No More “Wild West” in Loan Recapture

Loan recapture requires standards that assure all loans benefit both the institution and the member.

 
 

Go where the money is might be a popular philosophy, but it’s one easier said than done. Loan growth year-over-year down 0.70% as of second quarter 2010, but skillfully rendered recapture campaigns can encourage members to bring their outside loans to your credit union and save money in the process.

Whether you rely on outbound calling, direct mailing, email messaging, text offerings, or in-branch marketing, ask yourself:

1) Are you looking to bring in new members along with new loans or will you focus on cross-selling your existing membership? Mike Akers, director of sales for City County Credit Union ($279M, Ft. Lauderdale, FL), says the most significant ROI usually comes from internal marketing to existing membership. And remember, as much as 73% of cross-selling occurs within the first 90 days of membership, according to the direct marketing services company Harte-Hanks.

 2) What’s your appetite for risk with acquired loans, and who will you target? “Do you want to exclude members with ARMs? Do you care about reset dates?” asks Susan Hackett, a senior account executive for Experian. The more you define your recapture parameters, the more likely you are to reach your goals.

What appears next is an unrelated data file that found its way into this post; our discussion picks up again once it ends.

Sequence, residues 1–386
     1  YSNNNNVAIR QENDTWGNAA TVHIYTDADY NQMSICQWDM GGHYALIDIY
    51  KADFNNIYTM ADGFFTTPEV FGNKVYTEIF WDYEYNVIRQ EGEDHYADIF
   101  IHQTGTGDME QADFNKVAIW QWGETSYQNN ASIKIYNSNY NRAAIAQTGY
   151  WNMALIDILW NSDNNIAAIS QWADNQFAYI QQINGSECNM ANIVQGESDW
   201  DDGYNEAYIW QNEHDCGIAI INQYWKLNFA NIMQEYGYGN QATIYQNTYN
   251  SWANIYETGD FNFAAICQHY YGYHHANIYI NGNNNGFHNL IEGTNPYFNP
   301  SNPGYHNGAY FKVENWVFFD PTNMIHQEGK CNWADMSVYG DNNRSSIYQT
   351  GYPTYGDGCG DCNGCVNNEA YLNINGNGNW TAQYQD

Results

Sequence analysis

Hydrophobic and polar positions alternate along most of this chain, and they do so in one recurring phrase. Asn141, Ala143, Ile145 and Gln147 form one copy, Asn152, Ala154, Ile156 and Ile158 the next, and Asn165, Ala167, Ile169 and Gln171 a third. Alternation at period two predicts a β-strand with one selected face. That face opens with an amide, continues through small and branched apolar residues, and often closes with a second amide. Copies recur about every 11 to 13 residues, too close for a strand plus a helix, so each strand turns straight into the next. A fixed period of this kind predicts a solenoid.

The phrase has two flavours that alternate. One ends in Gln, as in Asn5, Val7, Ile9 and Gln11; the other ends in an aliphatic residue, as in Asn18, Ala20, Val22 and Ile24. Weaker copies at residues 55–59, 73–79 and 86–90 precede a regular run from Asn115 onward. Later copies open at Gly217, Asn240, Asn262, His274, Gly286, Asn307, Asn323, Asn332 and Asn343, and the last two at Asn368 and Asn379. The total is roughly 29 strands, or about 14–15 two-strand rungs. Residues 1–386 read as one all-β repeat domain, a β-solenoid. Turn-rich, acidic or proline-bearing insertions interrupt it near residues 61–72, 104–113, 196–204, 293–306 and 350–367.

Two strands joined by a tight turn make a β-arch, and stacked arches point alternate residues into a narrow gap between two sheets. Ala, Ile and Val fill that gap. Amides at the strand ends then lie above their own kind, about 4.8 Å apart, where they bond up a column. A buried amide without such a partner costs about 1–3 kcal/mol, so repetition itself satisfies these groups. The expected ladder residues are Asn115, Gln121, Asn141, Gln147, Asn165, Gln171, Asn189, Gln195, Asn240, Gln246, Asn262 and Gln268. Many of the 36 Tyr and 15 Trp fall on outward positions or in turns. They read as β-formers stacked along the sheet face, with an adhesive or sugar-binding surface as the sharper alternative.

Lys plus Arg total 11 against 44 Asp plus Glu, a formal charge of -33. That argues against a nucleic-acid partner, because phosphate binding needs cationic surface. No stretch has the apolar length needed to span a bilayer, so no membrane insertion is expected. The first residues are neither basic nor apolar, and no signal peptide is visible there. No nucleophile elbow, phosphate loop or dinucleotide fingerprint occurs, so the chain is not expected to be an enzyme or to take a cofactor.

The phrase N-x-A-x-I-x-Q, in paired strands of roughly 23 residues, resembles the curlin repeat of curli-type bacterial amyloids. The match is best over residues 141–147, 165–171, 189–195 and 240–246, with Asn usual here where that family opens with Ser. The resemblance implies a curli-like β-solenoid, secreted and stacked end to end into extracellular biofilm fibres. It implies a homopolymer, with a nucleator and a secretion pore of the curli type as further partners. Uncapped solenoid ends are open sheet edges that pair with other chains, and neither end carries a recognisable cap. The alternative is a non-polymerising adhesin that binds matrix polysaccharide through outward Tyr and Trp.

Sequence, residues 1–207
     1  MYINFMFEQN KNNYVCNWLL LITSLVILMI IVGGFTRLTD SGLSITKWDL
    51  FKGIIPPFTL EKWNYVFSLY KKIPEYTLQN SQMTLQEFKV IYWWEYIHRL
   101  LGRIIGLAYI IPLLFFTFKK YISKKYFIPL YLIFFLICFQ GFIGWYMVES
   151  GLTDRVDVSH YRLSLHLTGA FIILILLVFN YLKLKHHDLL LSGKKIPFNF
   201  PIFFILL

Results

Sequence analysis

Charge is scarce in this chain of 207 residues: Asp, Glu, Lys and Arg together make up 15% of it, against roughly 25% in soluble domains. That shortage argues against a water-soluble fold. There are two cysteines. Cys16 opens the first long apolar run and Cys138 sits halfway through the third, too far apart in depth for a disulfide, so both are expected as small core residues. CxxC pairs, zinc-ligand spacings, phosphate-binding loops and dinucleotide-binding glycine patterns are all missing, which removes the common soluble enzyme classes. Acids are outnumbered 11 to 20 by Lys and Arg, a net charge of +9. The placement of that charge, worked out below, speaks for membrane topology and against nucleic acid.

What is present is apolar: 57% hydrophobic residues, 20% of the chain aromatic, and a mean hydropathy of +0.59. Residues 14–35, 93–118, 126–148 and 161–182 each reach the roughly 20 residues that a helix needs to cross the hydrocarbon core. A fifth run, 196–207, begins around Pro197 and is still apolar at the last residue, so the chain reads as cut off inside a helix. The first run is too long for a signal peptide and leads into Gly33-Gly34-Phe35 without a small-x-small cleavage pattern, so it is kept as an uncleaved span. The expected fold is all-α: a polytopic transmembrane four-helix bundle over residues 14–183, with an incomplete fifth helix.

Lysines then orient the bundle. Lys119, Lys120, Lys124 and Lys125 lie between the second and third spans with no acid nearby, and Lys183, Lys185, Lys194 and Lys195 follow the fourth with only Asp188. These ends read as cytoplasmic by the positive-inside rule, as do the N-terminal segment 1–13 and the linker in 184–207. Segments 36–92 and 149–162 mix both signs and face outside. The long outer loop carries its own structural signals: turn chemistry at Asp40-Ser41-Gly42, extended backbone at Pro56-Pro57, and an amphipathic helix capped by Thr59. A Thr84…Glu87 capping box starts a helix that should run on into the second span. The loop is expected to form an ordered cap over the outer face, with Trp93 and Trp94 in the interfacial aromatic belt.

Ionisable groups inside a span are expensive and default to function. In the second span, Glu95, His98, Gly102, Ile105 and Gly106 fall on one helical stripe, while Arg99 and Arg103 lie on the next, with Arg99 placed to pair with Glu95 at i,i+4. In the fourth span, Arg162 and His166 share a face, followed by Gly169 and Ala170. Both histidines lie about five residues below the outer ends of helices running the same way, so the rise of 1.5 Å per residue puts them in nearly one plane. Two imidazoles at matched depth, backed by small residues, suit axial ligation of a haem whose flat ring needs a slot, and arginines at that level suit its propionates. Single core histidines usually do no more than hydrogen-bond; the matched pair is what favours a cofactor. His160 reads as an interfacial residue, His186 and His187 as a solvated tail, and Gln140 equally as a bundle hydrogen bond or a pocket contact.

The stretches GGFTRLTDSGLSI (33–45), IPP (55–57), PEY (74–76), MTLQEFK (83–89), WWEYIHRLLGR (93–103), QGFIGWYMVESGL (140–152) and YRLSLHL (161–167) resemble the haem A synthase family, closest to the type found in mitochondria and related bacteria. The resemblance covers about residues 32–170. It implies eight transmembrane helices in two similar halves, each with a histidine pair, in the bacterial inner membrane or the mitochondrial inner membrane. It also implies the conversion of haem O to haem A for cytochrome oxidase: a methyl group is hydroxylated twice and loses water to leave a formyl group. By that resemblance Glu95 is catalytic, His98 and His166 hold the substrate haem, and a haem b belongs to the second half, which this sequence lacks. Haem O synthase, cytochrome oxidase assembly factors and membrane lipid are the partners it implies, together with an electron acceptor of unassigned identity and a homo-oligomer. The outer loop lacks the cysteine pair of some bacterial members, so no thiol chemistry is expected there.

3) Marketing Customer Information File (MCIF) systems are a popular option for targeting specific segments of your membership (such as certain credit brackets or members without an auto loan at your institution) and can help guarantee the marketing materials you do send out reach those with the greatest chance of responding. Hudson Valley Federal Credit Union ($2.9B, Poughkeepsie, NY) utilized MCIF to target its 25,000 direct mailings, which was part of a campaign that resulted in a 51% growth in originations, according to Callahan’s Peer-To-Peer Software.

4) What internal resources do you already have? Does your staff have the capabilities to make outbound contact? Do you have an “approved, but not funded” list? “Within the industry, it’s not uncommon to have up to 60% of the applications to a credit union approved but funded at another institution,” Hackett says. Direct mailings and targeted outreach to this group can yield substantial results.

 

 

 

Oct. 6, 2010


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